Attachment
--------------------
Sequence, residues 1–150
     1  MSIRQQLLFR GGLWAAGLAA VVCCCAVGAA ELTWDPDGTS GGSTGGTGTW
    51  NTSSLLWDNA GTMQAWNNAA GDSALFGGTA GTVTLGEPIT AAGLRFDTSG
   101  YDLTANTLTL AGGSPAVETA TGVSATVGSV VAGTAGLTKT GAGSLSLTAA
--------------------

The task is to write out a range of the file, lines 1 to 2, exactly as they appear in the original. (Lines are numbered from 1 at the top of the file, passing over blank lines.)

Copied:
Sequence, residues 1–150
     1  MSIRQQLLFR GGLWAAGLAA VVCCCAVGAA ELTWDPDGTS GGSTGGTGTW